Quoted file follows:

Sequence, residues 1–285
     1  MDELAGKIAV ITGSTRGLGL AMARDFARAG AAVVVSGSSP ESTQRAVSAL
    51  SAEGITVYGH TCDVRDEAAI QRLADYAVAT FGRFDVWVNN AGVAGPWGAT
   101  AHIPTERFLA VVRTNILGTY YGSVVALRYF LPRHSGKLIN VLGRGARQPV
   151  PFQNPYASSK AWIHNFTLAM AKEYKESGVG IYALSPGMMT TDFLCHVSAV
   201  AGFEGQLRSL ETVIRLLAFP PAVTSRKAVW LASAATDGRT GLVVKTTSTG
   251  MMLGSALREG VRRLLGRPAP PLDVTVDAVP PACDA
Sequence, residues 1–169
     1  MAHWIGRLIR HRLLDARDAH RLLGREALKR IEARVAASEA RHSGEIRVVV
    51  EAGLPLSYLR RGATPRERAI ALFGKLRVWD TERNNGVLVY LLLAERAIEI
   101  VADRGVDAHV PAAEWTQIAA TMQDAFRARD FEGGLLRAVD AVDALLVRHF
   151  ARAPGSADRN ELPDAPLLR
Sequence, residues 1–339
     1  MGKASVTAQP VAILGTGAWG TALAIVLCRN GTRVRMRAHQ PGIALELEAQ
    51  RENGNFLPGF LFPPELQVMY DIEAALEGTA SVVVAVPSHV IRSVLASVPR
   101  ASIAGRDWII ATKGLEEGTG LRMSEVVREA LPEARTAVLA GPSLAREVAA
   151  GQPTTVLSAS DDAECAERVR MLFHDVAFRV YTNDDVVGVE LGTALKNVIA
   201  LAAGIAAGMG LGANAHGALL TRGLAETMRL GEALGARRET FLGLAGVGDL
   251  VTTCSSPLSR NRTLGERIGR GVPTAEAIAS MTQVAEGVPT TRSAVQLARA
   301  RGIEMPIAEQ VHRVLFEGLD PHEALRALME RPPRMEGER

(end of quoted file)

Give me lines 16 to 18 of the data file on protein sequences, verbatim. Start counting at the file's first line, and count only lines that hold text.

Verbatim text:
   101  ASIAGRDWII ATKGLEEGTG LRMSEVVREA LPEARTAVLA GPSLAREVAA
   151  GQPTTVLSAS DDAECAERVR MLFHDVAFRV YTNDDVVGVE LGTALKNVIA
   201  LAAGIAAGMG LGANAHGALL TRGLAETMRL GEALGARRET FLGLAGVGDL